The same old worn-out Western story can be told in Science Fiction if the Setting has Stars, Space, Spaceships, spacedrives, and space-type hazards to take the place of rattlesnakes, guns and desperadoes.  To be good science fiction, the story needs hazards that aren't now possible.  The characters have to solve problems that can't possibly exist by getting over their notion that the problem does not exist. 

A Vampire on the Moon, in Those of My Blood -- that is just such an "impossible" problem.  The  Vampire is Fantasy element injected into a Science Fiction Setting, then twisted from the Horror Genre into Romance -- another genre where Vampires don't belong  (according to marketers in the 1980's). 

So when venturing to innovate where marketers fear to go, mix-and-match Settings and Characters. 

So suppose instead of a Western, you had a Romance with International Intrigue and Vampires.  But you set the story in the midst of a Galactic War.  The Setting becomes Space, but the Romance drives the plot.

There was a time the marketers didn't know what to do with such a novel. 

I wrote two such orphan-genre novels (Science Fiction Romance) for the St. Martin's Press hardcover SF line in the 1980's.

Both got marvelous reviews, but St. Martins withdrew all advertising efforts from their Science Fiction line for strategic reasons.  The strategy was to publish the hardcover just to distribute to newspapers and magazines for review (because at that time, certain widely read venues would not review a paperback original). 

So they printed only a couple thousand hardcover copies (hence the collector price) and never distributed to bookstores.  You could buy (the month Those of My Blood was published) several hardcover and new paperback Vampire novels by very big name writers who got award attention for their novels.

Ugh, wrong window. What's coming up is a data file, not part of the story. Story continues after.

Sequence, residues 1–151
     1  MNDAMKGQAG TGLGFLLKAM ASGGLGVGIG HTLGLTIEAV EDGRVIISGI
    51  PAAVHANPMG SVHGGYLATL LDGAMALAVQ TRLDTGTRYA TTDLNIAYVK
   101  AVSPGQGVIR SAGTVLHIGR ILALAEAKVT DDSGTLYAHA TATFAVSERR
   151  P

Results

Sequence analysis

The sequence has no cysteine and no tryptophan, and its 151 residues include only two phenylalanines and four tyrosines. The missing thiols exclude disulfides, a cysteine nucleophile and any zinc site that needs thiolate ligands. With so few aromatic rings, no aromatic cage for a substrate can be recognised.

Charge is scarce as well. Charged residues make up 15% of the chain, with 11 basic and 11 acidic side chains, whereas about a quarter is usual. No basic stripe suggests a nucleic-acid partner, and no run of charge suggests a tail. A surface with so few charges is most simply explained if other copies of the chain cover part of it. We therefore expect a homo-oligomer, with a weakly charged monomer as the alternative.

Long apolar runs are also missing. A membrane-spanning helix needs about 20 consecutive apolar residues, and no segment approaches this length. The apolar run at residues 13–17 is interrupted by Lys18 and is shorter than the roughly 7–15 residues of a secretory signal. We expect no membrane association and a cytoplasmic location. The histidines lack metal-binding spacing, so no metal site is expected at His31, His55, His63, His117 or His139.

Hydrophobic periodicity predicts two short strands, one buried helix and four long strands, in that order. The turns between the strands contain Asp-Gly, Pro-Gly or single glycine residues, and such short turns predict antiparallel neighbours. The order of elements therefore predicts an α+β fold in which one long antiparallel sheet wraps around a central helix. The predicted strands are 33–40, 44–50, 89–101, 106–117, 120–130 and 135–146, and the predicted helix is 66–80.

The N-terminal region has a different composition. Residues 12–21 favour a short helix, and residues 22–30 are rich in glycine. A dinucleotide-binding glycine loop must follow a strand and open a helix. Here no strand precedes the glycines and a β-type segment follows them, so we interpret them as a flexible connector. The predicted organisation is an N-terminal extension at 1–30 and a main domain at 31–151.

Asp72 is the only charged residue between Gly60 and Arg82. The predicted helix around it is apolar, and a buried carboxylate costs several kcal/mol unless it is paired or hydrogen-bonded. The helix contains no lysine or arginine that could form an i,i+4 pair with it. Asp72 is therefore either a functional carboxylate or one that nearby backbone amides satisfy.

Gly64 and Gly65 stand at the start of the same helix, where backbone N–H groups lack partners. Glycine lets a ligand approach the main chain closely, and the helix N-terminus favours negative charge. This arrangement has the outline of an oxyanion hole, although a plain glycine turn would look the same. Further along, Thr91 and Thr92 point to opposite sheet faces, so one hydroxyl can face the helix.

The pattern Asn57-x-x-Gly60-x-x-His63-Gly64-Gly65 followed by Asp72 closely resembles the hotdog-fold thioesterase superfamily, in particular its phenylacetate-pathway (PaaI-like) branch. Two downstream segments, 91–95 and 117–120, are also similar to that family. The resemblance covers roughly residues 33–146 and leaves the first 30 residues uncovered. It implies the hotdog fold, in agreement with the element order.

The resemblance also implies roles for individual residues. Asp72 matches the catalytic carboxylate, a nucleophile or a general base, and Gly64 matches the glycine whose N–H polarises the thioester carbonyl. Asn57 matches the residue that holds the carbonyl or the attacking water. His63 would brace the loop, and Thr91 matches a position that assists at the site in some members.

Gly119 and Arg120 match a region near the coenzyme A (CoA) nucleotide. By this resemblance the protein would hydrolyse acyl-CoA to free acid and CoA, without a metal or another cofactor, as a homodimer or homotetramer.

But Those of My Blood, a brand new hardcover hailed as my breakout novel, was not on any store bookshelves (except the Independents) the month it was published.  Where Independents special ordered it for those who knew it was forthcoming, they ordered only for the customer who wanted it and didn't put any on the shelves. 

And then neither Those of My Blood or Dreamspy ever made it into Mass Market. 

Eventually, another publisher picked them up, and they did pretty well, getting reprinted several times but only in trade paperback, and finally going out of print.

Then Wildside Press picked them up and now both novels are available in trade paperback and e-book editions. 

There are no sex scenes the way you'd expect now, but at that time sex scenes were not allowed in Science Fiction.  Marion Zimmer Bradley and Ursula LeGuinn changed that, but notice how their sex scenes differ from today's.

Jacqueline Lichtenberg
http://jacquelinelichtenberg.com

2 comments:

Margaret Carter said...

Your description of how a new genre develops to the point of recognition reminds me of the "overnight success" of an author who finally hits the bestseller list after years of being published in obscurity. Genre example -- the hype surrounding FIFTY SHADES OF GRAY, whereas pioneering e-book publisher Ellora's Cave and its many imitators have been selling erotic romance (from what I hear, much of it hotter than 50 SHADES, which I haven't read because it doesn't sound at all the kind of romance I like) to women with great success for about a decade. Ellora's Cave celebrated its tenth anniversary in fall 2012.

Pk Hrezo said...

Excellent advice Jacqueline! I try to place my characters exactly where they're most uncomfortable, and I love the blending of genres. Romantic sci-fi is on the up and up.
You're such a veteran and it's great to get to learn more about you. I enjoy reading your tweets at #scifichat.